To: The Louisiana State House and The Louisiana State Senate

Please oppose BRAC’s restructuring of EBRPSS

Please vote "No" on Senate Bills 636 & 672 and House Bills 1177 & 1178, the legislation created by the Baton Rouge Area Chamber (BRAC) to restructure the East Baton Rouge Parish School System (EBRPSS). If enacted, the BRAC bills would further segregate, privatize, and undermine the democratic governance of our schools.

Why is this important?

The "BRAC bills" should not be enacted for the following reasons:

1) SB 672 & HB 1178 dilute the representation of city residents and African-Americans.

These bills would radically reduce the number of school board members and eliminate provisions that help protect minority representation. Currently EBRPSS is comprised of 11 single-member districts. SB 672 & HB 1178 reduce the board to 6 single member districts with 1 at-large member. In addition, they eliminate the current requirement that the redistricting plan be approved by a majority of the Baton Rouge delegation as well as the stipulation that since the population of the city of Baton Rouge is more than half of the parish population, the city’s representation on the school board should be proportionate to its population. While the number of board members could be reduced (9 single member districts?) to allow for more efficient management, such a drastic reduction coupled with the elimination of protections for equitable representation would allow the board to be disproportionately influenced by voters in the unincorporated areas of the parish which are whiter and wealthier than those within Baton Rouge city limits. In short, these bills will likely dilute the voting power of city residents who are largely African-American.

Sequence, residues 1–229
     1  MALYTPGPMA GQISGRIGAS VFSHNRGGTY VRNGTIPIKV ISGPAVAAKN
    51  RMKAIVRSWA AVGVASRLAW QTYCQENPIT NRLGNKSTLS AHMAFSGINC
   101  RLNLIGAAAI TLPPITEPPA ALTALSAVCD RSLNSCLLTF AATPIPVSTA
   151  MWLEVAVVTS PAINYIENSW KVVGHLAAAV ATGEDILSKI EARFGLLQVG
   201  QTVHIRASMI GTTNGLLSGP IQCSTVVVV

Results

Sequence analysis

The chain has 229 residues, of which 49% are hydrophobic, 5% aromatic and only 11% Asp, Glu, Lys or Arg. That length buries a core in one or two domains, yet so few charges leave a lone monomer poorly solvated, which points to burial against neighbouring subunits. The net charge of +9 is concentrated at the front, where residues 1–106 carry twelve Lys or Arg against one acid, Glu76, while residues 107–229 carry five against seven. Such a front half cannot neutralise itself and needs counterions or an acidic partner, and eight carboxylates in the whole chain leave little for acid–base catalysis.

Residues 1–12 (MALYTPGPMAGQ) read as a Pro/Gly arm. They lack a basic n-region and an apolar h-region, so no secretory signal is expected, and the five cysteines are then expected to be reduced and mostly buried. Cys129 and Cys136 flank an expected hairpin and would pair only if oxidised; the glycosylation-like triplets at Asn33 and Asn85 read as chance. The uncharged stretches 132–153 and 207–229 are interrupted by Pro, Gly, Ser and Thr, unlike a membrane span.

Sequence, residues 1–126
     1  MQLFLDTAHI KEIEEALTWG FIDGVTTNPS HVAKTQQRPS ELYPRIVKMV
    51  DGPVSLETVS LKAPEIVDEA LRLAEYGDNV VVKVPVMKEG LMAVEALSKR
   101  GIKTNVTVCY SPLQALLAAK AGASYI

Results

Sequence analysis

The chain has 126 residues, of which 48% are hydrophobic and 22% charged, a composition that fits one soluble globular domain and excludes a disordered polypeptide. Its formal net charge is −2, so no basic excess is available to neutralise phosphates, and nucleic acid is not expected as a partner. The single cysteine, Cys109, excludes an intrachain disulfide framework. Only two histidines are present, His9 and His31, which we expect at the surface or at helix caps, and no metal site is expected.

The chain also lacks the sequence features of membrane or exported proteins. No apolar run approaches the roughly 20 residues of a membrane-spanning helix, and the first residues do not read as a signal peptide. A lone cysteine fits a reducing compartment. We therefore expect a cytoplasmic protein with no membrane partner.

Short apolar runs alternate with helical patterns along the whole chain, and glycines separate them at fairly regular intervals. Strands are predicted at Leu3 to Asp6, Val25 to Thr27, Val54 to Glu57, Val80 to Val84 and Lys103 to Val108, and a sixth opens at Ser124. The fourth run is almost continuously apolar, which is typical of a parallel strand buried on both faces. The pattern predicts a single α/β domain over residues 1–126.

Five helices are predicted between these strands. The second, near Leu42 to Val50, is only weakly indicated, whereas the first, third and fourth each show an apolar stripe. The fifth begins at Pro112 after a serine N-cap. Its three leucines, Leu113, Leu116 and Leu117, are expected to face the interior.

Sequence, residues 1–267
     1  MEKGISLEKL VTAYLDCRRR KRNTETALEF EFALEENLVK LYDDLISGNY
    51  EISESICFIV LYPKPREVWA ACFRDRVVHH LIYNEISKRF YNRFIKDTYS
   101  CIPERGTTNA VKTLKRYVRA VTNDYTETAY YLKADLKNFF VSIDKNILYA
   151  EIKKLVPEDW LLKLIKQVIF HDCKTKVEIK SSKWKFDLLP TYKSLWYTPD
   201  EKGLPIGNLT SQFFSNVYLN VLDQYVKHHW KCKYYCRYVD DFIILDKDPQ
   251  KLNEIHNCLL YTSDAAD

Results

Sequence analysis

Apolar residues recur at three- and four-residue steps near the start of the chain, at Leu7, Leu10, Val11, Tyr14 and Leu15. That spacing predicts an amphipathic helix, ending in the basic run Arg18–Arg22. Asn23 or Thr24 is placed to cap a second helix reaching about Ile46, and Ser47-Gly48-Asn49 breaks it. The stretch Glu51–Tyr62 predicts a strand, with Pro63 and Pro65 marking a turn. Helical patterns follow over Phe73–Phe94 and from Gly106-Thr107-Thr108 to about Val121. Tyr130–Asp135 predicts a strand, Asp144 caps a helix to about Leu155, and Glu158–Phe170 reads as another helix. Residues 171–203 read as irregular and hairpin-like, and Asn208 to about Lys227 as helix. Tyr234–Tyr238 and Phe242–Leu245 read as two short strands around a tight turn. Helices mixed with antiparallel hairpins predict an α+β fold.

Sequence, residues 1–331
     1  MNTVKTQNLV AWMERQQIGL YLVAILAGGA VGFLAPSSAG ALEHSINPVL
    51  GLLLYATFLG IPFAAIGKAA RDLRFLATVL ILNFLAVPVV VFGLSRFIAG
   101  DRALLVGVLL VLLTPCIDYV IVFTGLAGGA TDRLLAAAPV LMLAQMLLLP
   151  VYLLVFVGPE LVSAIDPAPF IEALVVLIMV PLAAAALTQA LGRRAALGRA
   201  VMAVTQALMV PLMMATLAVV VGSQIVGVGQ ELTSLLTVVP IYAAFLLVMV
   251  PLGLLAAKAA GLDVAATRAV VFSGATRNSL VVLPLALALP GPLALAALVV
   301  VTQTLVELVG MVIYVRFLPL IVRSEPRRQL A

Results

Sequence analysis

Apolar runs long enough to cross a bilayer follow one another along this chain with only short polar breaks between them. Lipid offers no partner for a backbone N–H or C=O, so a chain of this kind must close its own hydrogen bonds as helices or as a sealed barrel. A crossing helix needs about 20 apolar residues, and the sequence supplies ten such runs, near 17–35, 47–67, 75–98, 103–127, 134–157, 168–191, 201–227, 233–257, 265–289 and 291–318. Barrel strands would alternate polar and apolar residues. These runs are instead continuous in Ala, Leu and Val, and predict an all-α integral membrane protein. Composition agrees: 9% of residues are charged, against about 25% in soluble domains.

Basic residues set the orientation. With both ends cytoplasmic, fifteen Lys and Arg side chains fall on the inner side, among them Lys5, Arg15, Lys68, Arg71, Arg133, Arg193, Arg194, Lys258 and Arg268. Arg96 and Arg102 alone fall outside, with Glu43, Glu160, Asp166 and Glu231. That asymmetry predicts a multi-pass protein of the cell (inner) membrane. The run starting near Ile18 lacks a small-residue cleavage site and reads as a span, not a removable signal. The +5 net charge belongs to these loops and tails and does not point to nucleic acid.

2) SB 636 and HB 1177 require EBRPSS to create and manage a “common enrollment system” which does not improve but inhibits “choice.”

Common enrollment systems are promoted by the Center for Reinventing Public Education (CRPE), the organization which helped BRAC write the legislation, as a means of allowing for effective cooperation between traditional public school systems and charter schools. EBRPSS would be required to not only manage the system but to include charter schools in this process at no cost to the charter schools.

In New Orleans, 74 of the 85 schools participate in a common enrollment system called OneApp. There are no neighborhood schools in the decentralized system. Parents identify up to eight schools per child. The enrollment system then assigns the student to a school based upon the student’s needs and availability. Once assigned to a school, a student is expected to attend the entire year regardless of the parent’s or student’s satisfaction. If students wish to be “released” from their assigned schools after October 1st, they must petition the school board and the prospective school for permission to transfer.